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Page:Popular Science Monthly Volume 4.djvu/360

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THE POPULAR SCIENCE MONTHLY.

partaken of its flesh, speaks of it as a most valuable addition to their scanty cuisine. When captured young, it is easily tamed and becomes an interesting pet. We saw one once in the possession of a Montrose skipper, which allowed itself to be handled and fed out of the hand, but it had an awkward habit of fixing its incisors into the fingers of an incautious admirer on the smallest provocation. During summer they swarm with vermin to such an extent that, although when examined singly they can scarcely be discerned by the naked eye, they change the color of the animal to a dull red.

The lemming multiplies so rapidly that in the course of ten or twelve seasons food becomes scarce, and, on the approach of some winter when the food-question has become one of life or death, the overstocked market is relieved by an expedient unparalleled in its nature among four-footed animals. This singular little creature is so local in its habits, that, unless under the circumstances we are about to narrate, it never leaves the mountain-regions to establish itself on the plains, where food is more abundant.

The inhuman suggestion of a modern writer that our paupers should be packed into rotten ships, which should be sent out to sea and scuttled, is something like the method adopted by the lemmings themselves to avert the famine which threatens to annihilate the entire species. When the time for the settlement of the question of partial extermination for the benefit of the race, or total extermination by starvation, can no longer be delayed, they assemble in countless thousands in some of the mountain valleys leading into the plains, and, the vast army of martyrs being selected, they pour across the country in a straight line, a living stream, often exceeding a mile in length, and many yards in breadth, devouring every green thing in their line of march; the country over which they have passed looking as if it had been ploughed, or burned with fire. They march principally by night, and in the morning, resting during the day, but never seek to settle in any particular locality, however abundant food may be in it, for their final destination is the distant sea, and nothing animate or inanimate, if it can be surmounted, retards the straight onward tide of their advance.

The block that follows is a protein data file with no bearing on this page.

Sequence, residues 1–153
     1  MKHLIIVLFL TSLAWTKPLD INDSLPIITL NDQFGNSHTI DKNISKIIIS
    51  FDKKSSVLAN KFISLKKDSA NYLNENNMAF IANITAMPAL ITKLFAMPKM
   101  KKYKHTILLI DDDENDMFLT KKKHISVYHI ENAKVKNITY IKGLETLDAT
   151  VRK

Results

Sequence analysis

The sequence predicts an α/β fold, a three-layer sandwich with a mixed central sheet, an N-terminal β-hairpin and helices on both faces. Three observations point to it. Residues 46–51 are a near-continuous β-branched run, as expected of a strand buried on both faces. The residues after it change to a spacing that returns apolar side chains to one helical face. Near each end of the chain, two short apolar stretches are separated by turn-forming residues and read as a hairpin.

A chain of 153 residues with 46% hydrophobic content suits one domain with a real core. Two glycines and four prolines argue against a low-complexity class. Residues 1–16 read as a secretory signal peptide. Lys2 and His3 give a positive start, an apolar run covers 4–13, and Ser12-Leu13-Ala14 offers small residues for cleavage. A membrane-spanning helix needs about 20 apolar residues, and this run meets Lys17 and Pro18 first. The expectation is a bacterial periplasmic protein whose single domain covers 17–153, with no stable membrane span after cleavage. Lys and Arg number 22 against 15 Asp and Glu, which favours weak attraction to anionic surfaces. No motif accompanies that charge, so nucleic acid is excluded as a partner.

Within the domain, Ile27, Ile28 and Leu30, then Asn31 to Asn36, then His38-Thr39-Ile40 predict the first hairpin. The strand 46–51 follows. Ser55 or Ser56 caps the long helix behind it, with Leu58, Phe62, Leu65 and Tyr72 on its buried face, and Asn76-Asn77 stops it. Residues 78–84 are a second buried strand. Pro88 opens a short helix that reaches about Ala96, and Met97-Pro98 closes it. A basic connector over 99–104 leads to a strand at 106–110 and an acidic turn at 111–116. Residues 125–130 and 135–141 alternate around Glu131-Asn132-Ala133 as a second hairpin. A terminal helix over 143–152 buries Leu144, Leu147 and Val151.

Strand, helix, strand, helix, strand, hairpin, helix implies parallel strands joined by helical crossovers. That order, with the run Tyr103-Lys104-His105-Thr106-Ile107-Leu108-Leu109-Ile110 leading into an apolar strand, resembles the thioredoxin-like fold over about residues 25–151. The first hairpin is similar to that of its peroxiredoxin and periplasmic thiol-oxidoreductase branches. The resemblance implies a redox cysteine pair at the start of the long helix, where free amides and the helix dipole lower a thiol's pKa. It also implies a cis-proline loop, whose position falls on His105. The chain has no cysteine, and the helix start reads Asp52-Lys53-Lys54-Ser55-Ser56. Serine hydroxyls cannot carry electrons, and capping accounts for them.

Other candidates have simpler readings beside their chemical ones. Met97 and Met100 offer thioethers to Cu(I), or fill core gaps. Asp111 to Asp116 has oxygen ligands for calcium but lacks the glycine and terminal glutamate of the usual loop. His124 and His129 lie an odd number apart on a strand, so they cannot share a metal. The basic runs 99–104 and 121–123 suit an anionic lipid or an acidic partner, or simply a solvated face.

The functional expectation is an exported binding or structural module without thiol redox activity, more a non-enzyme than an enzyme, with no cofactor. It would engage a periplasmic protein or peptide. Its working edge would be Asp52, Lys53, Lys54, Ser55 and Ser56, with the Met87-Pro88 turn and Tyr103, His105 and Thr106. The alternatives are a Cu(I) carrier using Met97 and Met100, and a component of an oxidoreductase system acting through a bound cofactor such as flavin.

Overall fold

When the reindeer gets enveloped in the living stream, they will not even go round its limbs, but bite its legs until, in its agony and terror, it plunges madly about, crushing them to death in hundreds, and even killing them with its teeth. If a man attempts to stem the living torrent, they leap upon his legs; and, if he lay about him with a stick, they seize it with their teeth, and hold on to it with such determined pertinacity that he may swing it rapidly round his head without compelling them to loosen their hold. If a corn or hay rick be in the way, they eat their way through it; and, on arriving at the smooth face of a rock, they pass round it, forming up in close column again on the other side. Lakes, however broad, are boldly entered, and the